EDITORIAL: Improving the Tourism industry

IT is more necessary than ever for each person to determine ways in which the tourism and hospitality industry can be improved. It is one of our major industries, and as such deserves close scrutiny. Through close examination, we can pinpoint some of its shortcomings in order to produce the most noteworthy product or service possible. There are several aspects to be considered when developing any product: the quality of the raw materials, the integrity of the creation process, and finally the packaging of the product. If the tourism industry is viewed in a similar manner, some of its weaknesses may come to light.

When we think of raw materials, for example, we immediately think about some of our natural resources such as the underdeveloped land and beaches. In terms of resources, how can they be at their best when they are not properly maintained? With persistent issues such as litter, erosion and general misuse, it is very difficult to maximise their potential. Rather than take pride in our country’s natural beauty, many of our citizens choose to defile it and take it for granted.

With regard to the creation process, the country’s continued development over the years is indisputable. Resorts and tourist attractions have been enhanced to meet visitors’ needs in terms of safety, wheelchair access, and other predefined procedures to enrich the overall experience on the island. However, there are occasions where some critical aspects of this process are still being overlooked. This is also the main reason why so many of our historical landmarks are disregarded until the point of near ruin.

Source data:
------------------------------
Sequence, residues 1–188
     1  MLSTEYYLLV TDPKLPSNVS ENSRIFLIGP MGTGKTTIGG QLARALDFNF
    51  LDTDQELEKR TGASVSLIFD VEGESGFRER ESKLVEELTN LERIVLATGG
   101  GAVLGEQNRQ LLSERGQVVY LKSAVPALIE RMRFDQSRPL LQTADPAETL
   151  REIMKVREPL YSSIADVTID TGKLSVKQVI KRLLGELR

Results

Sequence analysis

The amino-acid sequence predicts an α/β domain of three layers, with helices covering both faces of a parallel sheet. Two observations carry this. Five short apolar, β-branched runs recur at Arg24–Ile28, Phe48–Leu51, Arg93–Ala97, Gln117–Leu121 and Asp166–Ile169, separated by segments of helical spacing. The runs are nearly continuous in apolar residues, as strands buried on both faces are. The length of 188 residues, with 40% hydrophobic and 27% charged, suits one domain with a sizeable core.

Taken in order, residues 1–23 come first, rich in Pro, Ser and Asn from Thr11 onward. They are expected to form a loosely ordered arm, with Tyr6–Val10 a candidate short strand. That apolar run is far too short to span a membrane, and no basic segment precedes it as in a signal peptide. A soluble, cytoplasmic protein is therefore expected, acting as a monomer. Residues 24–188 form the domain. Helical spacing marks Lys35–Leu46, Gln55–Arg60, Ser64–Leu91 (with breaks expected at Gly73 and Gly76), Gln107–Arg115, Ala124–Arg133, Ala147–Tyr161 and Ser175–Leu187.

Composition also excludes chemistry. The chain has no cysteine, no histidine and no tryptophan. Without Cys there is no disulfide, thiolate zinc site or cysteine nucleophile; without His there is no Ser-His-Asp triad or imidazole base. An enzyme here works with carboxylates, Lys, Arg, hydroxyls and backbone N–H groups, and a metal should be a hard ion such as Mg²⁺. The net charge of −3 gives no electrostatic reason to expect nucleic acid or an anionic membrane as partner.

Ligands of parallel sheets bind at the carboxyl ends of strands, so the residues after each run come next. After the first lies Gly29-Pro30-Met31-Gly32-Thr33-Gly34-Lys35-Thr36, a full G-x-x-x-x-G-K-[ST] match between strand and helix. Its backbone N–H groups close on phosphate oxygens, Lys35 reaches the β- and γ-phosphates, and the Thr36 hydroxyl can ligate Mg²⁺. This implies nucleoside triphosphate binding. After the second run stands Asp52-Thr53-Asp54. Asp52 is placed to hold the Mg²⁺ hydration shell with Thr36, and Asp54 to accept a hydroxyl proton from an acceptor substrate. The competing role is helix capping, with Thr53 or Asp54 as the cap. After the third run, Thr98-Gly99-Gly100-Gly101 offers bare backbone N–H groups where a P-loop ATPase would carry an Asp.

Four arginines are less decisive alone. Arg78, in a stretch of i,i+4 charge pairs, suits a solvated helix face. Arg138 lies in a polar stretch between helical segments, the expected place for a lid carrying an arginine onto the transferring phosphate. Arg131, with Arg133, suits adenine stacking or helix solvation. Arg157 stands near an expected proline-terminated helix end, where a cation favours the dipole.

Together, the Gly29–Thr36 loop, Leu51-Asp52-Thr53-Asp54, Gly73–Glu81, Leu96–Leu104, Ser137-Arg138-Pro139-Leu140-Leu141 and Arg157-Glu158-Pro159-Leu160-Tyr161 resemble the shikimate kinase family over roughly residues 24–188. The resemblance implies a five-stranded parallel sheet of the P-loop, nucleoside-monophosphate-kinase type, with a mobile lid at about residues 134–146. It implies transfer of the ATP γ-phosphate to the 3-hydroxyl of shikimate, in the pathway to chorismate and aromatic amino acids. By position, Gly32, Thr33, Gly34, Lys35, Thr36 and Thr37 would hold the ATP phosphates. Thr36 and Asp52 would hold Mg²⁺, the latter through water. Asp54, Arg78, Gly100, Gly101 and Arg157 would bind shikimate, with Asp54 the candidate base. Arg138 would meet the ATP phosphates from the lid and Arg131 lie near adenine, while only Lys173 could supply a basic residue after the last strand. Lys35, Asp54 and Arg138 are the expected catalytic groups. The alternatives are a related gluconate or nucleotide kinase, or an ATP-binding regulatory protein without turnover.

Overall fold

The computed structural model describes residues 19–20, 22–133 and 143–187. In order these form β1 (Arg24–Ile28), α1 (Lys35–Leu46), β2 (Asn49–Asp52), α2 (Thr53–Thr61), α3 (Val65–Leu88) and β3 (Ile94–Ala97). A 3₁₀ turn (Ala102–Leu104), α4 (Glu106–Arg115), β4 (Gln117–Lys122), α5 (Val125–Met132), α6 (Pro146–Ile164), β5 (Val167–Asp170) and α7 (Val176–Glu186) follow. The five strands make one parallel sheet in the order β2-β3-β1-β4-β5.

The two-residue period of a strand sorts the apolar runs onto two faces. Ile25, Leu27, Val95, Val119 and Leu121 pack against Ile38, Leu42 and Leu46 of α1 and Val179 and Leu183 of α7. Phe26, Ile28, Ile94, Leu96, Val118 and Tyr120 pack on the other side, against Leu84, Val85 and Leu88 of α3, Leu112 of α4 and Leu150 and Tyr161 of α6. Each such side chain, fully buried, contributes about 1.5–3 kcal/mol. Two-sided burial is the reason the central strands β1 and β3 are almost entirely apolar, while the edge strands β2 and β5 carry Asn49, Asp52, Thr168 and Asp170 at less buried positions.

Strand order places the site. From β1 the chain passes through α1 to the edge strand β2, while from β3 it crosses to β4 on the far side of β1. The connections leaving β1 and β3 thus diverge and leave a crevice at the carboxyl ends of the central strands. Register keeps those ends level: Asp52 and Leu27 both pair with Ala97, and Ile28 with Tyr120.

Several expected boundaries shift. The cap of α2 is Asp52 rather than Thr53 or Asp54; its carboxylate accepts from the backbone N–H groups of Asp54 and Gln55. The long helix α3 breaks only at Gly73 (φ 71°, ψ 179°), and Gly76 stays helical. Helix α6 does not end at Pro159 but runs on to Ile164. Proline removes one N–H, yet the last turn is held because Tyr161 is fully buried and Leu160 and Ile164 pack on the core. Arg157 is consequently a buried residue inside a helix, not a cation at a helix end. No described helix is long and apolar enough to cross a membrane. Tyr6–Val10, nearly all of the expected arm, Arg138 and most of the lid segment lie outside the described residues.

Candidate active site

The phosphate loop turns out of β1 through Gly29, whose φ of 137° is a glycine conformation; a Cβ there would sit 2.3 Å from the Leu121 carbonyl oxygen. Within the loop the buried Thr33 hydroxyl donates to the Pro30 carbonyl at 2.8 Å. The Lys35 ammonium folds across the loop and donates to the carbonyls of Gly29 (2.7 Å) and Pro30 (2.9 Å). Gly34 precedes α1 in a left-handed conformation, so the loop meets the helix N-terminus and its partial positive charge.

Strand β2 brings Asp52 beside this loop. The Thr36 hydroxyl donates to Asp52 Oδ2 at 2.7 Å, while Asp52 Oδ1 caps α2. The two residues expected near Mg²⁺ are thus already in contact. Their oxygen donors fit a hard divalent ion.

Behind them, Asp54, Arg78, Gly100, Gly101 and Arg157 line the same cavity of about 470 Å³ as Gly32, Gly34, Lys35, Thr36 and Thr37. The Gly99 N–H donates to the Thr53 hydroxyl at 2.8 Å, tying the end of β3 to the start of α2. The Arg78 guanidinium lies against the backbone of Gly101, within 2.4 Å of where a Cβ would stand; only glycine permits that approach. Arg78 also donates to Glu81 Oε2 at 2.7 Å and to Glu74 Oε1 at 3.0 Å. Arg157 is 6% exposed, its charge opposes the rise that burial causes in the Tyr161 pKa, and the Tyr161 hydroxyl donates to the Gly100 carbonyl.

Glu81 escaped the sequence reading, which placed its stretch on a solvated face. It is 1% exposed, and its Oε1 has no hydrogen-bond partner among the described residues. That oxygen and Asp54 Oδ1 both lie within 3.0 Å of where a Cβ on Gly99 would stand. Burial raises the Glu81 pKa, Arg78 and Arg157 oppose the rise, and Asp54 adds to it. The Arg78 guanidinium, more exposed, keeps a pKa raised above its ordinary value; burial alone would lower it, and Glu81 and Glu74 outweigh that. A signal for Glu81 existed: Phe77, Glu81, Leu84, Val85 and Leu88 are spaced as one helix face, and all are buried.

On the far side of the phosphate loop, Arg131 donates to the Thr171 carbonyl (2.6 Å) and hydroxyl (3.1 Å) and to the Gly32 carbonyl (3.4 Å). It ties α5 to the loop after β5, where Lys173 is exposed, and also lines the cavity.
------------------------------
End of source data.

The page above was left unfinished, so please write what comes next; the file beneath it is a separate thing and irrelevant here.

Another vital aspect of the industry to be considered, is the packaging of the product being offered. Although the foundation of the tourism product is the island’s natural beauty and the processes in place to develop it, the success of the final product will still be determined by its presentation. By far the most significant aspect of the product is the people.

It is our duty to depict our beautiful island in the most attractive way possible. How can this be achieved when sadly, far too many of our citizens look upon visitors as intruders who have an impact on their lives, even though this is far from the truth. Although it is recognised and reaffirmed throughout our country that tourism is our major industry and that we depend heavily on the revenue earned, those lingering condescending attitudes must change.

Regardless of the proud nature that was inherited from our ancestors as well as the fact that ours is a small island, we cannot allow any insecurities to colour our interaction with guests to our shores in a negative way. The approach must change! At this point, we commend the Barbados Tourism Marketing Inc. for the promotion – ‘I am Tourism’. This promotion is a reminder that everyone has a part to play in tourism on the island.

The tourism and hospitality industry is a double-edged sword. Consider Barbados and its culture as a product which is being offered; we give what we want to be accepted. Also, the visitors to the island desire our product because of our marketing efforts and accept what we are offering by travelling to our shores. When we look at it in that way, there will no doubt be increased pride on both sides: Barbadians because the product offered is unique and valuable; and the tourists because they were able to partake in such a wondrous experience. On the eve of the celebration of our 51st anniversary of Independence, let us work towards improvement in ourselves as individuals, and as a country.

Barbados Advocate

Mailing Address:
Advocate Publishers (2000) Inc
Fontabelle, St. Michael, Barbados

Phone: (246) 467-2000
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